Could GMA reform help housing?

Senator Guy Palumbo, D-1st District, has seen his district grow amidst our region’s job boom.

In fact, the district – which straddles the King and Snohomish county line and includes Bothell and part of Kirkland – has absorbed much more growth over the last decade than anyone expected or planned for. Much of that growth has been in unincorporated communities without adequate infrastructure to support it.

Therein lies the problem with the Washington state’s Growth Management Act (GMA). Although the GMA describes where growth should occur, like around transit and job centers, it has failed to account for real growth patterns like those seen in unincorporated areas.

“We put things in the document for 10, 20 years down the road, but then the reality on the ground doesn’t play out,” said Senator Palumbo Wednesday at the Master Builders of King and Snohomish Counties Housing Solutions Breakfast. “Our planning process is not nimble.”

“Cities under the Growth Management Act are supposed to be absorbing more density, and they’re not doing that essentially because of NIMBY-ism,” Senator Palumbo said at the Seattle King County REALTORS® Housing Issues Briefing last June. “People know growth is necessary, they just don’t want it happening in their neighborhood.”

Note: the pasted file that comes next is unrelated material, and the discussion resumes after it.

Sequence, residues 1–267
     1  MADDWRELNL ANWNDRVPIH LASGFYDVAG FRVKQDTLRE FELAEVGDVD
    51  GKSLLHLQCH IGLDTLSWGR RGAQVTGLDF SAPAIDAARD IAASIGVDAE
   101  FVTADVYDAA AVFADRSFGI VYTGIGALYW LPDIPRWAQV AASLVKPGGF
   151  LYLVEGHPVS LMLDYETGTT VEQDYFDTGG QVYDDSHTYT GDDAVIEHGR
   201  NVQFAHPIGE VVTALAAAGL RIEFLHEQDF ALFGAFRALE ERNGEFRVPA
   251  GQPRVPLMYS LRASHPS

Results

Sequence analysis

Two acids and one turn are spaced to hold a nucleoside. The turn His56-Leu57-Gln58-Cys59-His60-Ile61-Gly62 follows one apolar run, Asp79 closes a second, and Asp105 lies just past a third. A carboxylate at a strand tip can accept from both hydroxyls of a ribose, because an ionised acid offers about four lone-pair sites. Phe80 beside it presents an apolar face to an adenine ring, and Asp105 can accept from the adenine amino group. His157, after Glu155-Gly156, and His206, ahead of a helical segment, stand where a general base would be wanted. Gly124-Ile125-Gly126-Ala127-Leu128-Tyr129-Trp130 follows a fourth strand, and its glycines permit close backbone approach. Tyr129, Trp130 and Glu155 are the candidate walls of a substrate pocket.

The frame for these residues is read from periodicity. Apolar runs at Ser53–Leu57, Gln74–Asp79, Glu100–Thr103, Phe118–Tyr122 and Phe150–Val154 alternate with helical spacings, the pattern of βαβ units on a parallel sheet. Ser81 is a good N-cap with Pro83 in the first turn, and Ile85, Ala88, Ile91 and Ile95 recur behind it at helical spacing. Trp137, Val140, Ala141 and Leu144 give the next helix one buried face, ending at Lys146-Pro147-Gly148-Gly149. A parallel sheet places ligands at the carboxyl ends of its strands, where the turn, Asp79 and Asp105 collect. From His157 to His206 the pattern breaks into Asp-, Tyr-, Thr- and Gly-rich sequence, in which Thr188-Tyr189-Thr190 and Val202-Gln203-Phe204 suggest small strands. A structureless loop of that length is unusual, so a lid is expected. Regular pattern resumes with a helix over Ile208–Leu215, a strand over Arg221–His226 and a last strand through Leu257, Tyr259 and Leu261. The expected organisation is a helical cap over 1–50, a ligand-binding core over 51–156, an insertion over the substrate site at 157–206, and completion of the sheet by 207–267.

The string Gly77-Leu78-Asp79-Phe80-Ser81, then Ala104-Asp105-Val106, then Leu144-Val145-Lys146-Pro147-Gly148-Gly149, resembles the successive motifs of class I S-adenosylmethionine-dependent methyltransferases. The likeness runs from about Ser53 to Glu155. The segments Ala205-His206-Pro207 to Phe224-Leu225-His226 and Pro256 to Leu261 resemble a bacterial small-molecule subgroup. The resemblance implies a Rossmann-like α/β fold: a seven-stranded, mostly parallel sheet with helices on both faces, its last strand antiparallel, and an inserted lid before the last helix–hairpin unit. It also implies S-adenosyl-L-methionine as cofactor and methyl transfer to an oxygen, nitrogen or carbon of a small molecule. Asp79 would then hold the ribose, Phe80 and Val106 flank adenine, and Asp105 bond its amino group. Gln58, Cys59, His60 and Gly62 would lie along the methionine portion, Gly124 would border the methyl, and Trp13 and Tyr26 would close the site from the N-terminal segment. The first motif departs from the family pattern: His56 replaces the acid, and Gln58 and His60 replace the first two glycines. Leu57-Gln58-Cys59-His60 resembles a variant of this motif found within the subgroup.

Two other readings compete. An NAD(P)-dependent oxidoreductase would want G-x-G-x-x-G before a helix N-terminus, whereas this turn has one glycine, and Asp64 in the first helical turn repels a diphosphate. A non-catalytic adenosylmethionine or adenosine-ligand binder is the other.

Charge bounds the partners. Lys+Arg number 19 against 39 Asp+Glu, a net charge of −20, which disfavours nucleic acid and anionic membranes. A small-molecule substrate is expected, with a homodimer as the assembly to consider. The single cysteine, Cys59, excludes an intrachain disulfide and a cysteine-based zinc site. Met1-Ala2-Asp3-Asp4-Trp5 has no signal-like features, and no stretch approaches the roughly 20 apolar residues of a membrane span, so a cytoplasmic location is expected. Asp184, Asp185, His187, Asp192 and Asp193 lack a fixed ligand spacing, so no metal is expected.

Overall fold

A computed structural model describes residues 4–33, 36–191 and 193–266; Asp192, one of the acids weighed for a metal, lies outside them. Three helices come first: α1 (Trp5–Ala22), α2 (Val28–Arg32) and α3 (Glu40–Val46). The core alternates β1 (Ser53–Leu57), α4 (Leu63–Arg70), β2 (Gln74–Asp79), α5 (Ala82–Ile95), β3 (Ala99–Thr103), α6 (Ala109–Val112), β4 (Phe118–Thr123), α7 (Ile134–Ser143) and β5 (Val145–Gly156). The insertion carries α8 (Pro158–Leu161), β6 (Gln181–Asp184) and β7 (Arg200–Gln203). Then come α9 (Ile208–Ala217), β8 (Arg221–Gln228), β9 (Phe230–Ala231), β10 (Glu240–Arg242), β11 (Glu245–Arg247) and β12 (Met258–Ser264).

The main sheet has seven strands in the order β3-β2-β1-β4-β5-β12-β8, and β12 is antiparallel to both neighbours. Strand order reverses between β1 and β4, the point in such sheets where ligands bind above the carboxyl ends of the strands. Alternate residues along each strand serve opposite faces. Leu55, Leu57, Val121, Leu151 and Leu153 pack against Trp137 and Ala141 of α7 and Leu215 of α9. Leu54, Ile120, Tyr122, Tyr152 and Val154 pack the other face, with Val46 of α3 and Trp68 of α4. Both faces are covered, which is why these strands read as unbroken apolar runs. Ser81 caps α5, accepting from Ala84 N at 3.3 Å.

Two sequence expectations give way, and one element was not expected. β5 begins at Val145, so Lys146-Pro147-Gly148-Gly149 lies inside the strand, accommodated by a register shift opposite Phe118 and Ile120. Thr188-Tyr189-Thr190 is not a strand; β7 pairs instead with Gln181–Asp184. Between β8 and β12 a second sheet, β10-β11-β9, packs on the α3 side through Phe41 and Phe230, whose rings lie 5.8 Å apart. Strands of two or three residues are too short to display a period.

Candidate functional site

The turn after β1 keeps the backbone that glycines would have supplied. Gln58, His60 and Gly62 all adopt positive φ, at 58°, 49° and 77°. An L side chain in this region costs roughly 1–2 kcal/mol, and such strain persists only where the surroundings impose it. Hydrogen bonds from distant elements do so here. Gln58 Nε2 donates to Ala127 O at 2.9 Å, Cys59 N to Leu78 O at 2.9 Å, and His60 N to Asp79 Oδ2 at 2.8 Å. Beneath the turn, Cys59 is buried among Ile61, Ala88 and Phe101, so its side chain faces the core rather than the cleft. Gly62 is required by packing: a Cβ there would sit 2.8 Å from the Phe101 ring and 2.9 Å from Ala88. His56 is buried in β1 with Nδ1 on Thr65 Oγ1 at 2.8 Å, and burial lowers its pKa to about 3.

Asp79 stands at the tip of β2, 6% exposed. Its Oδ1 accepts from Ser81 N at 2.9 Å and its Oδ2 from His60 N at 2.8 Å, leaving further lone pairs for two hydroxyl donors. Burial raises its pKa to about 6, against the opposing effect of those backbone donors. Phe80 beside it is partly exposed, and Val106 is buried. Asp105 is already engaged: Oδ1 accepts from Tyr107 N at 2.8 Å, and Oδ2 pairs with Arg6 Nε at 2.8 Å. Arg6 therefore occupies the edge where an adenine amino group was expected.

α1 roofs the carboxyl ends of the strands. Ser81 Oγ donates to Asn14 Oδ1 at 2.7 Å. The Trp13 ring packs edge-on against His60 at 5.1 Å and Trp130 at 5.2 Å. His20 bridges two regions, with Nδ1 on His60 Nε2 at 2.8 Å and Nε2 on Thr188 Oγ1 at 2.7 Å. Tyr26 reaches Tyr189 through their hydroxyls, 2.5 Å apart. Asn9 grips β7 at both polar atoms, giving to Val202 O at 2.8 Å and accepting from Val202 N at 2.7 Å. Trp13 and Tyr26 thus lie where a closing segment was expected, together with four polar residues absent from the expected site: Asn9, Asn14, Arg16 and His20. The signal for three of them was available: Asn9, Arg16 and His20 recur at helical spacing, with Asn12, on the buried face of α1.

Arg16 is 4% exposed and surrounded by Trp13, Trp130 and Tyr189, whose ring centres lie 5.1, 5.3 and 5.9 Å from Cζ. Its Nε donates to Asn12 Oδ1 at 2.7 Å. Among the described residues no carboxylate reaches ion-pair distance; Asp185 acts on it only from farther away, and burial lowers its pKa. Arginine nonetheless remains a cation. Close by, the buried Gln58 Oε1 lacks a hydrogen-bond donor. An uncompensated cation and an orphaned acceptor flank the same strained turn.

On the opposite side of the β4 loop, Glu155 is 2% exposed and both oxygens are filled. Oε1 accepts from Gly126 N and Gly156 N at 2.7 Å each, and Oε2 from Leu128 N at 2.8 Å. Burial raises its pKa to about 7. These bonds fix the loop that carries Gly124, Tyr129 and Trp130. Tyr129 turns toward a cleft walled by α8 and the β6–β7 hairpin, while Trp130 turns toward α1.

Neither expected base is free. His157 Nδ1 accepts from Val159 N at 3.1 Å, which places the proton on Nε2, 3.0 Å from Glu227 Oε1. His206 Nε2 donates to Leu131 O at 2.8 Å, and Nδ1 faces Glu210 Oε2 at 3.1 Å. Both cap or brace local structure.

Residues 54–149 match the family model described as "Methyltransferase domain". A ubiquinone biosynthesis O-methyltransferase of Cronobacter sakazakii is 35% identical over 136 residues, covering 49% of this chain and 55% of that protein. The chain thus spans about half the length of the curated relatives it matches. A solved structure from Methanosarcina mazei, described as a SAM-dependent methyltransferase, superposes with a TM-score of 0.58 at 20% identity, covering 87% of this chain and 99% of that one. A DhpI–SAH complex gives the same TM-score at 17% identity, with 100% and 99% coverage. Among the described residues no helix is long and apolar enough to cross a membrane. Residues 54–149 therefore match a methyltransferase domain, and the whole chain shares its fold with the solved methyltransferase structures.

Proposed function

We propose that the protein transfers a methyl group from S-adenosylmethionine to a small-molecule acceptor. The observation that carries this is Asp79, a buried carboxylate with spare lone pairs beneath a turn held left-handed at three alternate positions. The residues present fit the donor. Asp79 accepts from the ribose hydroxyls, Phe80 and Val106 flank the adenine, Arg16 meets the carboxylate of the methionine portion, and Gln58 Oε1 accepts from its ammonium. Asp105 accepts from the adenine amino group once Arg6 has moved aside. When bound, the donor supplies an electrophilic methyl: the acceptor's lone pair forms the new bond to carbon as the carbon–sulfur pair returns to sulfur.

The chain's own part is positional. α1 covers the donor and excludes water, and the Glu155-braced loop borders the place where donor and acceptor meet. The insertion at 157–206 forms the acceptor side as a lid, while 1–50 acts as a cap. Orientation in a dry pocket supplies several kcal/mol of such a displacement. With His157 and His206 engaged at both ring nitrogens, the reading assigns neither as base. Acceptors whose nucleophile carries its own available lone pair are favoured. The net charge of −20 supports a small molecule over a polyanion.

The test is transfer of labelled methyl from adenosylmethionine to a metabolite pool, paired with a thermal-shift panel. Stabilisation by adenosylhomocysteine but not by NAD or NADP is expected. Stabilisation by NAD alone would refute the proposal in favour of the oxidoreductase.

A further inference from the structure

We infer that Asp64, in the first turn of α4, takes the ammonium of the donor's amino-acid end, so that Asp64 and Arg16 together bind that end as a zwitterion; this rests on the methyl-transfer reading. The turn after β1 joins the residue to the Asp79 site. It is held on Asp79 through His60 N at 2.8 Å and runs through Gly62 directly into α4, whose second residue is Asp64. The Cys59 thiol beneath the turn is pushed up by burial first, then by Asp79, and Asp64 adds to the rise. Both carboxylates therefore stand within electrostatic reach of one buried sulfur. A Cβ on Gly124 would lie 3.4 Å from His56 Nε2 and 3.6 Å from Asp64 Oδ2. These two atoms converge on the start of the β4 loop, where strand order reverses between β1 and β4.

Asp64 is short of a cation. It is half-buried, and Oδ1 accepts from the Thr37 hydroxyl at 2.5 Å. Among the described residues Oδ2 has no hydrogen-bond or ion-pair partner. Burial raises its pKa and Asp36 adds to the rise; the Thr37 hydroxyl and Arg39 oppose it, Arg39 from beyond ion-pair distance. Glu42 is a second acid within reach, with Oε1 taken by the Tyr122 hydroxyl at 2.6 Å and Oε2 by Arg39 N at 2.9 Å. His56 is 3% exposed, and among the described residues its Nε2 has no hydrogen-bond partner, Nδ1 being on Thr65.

On Wednesday, Senator Palumbo discussed the GMA further. “I’m a GMA supporter, but the GMA is turning 28 years old this year. It is not perfect, it wasn’t meant to be perfect,” he told the crowd. “In my opinion, it’s breaking right now for a whole lot of reasons, and one of those reasons is density.”

Despite these problems, Senator Palumbo is optimistic about changes for housing in the upcoming legislative session.

In 2017, Senator Palumbo sponsored Senate Bill 6077 that would have required minimum densities of 6-units per acre within cities governed by the Growth Management Act (GMA). Although the bill did not pass, its intent is to bolster more housing near job centers.

Senator Palumbo plans to push the bill again next year. “We are at a breaking point. Cities, especially around transit centers, have to take more density,” he said.

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